This summer, a Facebook group protested the price of cottage cheese in Israel and triggered a response from local dairy industry “tycoons,” who lowered prices.
Facebook tells me I’m the 43,435th member to join this group, though news sites claim it already has over 100,000 followers (perhaps multiple groups have the same agenda).
These same networks mean that I can directly contact the CEO of a company that’s growing and express my interest in being interviewed for a job. I no longer need the HR department to call me, in order to make contact.
The new Web diffuses power towards the edges of society, uncovering and releasing the voice of the individual.
For example, collaborative filtering allows consumers themselves to review products, making the role of professional critics redundant. Consumers transact directly with suppliers; there’s no need for a “middle man.”
In the political sphere, social networking opens up new possibilities for civil participation, as seen in revolutions all over the Middle East this year.
On job sites, there is a constant exchange of information that directly helps job seekers learn about opportunities.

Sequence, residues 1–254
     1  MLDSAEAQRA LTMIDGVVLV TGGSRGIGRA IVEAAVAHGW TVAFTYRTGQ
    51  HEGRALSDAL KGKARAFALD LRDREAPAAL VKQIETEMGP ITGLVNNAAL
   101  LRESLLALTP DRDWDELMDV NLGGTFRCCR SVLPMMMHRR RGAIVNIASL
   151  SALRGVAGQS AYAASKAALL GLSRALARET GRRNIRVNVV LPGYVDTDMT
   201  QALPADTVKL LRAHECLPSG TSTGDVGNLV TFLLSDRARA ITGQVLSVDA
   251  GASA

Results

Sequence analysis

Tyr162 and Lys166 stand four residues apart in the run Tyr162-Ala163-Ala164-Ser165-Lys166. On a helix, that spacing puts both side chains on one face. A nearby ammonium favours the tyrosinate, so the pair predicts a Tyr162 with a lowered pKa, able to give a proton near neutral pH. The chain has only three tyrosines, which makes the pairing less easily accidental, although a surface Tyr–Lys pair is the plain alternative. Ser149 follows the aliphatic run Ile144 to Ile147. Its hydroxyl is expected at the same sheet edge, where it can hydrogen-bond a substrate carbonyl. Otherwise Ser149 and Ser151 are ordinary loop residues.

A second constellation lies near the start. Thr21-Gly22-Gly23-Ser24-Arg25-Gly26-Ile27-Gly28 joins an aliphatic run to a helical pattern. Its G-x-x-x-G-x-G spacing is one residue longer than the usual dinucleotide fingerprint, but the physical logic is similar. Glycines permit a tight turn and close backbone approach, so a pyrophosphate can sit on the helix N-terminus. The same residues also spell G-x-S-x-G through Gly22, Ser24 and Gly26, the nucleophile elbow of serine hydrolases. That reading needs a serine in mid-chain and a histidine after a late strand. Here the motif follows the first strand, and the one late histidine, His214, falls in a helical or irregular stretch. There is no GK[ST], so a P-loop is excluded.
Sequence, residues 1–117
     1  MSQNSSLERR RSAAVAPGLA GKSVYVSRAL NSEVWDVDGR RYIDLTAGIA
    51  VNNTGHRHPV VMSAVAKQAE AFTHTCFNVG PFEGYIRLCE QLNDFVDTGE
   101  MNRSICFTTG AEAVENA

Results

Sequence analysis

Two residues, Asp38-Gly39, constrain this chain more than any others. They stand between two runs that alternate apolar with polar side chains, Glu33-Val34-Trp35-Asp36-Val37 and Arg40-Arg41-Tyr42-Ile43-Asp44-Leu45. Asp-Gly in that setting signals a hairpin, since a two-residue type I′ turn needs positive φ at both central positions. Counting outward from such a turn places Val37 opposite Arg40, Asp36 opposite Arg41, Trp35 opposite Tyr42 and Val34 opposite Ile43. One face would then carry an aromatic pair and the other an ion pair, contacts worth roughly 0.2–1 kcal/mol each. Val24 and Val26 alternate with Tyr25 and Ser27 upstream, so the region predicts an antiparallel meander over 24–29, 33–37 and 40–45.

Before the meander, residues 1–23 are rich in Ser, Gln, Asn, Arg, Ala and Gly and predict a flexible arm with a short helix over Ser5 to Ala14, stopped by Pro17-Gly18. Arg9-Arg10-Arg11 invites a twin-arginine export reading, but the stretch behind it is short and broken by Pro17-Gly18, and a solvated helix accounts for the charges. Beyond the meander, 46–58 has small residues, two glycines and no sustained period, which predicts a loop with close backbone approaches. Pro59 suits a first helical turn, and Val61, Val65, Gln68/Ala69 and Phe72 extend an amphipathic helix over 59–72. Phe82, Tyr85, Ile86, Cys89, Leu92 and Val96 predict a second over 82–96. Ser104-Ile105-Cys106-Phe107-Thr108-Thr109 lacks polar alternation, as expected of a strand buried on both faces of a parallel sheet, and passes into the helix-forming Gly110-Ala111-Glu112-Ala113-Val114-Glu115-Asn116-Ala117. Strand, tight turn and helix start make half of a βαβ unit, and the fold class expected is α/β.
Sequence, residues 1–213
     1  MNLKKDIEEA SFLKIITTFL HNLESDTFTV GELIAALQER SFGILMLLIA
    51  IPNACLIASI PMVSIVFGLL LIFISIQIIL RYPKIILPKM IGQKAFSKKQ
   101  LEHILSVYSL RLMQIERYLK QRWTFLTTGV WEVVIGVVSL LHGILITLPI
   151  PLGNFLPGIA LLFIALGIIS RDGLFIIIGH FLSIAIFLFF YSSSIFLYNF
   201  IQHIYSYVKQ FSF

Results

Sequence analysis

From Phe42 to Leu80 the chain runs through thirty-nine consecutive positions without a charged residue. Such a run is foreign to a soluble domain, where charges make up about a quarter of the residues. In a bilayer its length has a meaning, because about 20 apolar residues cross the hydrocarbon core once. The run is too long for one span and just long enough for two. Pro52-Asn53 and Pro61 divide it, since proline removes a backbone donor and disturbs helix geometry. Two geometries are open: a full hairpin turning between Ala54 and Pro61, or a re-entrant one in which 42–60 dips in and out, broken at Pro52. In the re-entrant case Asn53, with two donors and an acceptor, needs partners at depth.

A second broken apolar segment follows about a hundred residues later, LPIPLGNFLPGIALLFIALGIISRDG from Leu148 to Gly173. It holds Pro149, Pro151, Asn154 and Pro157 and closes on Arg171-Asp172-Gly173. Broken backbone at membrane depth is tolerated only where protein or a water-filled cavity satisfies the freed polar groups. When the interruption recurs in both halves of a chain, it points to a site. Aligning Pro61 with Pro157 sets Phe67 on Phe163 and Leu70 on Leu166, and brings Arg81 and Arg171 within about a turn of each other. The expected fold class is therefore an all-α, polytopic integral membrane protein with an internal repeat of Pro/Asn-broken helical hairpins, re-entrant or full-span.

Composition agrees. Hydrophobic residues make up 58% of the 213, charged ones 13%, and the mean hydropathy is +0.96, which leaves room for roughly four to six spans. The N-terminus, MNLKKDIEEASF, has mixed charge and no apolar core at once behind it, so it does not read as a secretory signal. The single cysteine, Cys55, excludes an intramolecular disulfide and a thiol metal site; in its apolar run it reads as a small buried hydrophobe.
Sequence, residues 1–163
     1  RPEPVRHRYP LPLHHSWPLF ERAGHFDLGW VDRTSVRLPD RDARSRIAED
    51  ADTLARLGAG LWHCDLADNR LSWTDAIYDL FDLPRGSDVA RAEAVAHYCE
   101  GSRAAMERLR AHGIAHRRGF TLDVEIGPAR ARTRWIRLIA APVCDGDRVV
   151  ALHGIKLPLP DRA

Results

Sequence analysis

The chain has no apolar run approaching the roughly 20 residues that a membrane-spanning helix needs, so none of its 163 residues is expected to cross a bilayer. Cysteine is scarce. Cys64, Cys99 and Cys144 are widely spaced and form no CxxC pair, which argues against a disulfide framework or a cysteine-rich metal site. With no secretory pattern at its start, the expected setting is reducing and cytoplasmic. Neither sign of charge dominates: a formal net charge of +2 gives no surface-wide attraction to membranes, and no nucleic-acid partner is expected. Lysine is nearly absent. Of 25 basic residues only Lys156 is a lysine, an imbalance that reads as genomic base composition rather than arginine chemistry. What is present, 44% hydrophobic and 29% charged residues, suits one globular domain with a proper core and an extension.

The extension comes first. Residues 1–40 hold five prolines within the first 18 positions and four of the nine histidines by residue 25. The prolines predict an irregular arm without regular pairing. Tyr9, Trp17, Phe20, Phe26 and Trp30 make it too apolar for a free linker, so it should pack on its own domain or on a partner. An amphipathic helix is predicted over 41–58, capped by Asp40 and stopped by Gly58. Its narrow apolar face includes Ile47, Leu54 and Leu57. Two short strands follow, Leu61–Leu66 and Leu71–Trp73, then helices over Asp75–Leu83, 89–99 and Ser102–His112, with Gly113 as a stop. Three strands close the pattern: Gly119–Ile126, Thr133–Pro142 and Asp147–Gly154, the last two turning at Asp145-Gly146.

For example, I’ve seen a job site for engineers, which maintains an online database of interview questions. The questions are categorized according to company name. Engineers who go to job interviews post the questions they were asked, paying it forward and helping the next engineer to come to the interview better prepared.
Much like a college fraternity or local synagogue, an online network leads to real-world relationships, opportunities – and, of course, job offers.
The majority of us find our jobs through the extended connections of our community networks.
According to Fraser and Dutta, social networks function like the Chinese concept of Guanxi – business relationships that work like an extended family or clan.
But it’s not just about business.
The online community is changing our personal lives, too. My kids never use email; they go on Facebook to see if their friends are getting together tonight.
Personal identities in cyberspace are invented and role playing is less constrained by traditional social codes.
Individuals have multiple identities and sometimes, the truth is blurred.
If you aren’t comfortable with your true identity, create a new one; if you don’t have friends, “Fakebook” – invent them. We create who we want our virtual selves to be.
If you’re looking for work, it may be helpful to actively create and develop an online professional identity that puts your best foot forward for all the virtual world to see.
The most successful networking sites have an open-door approach.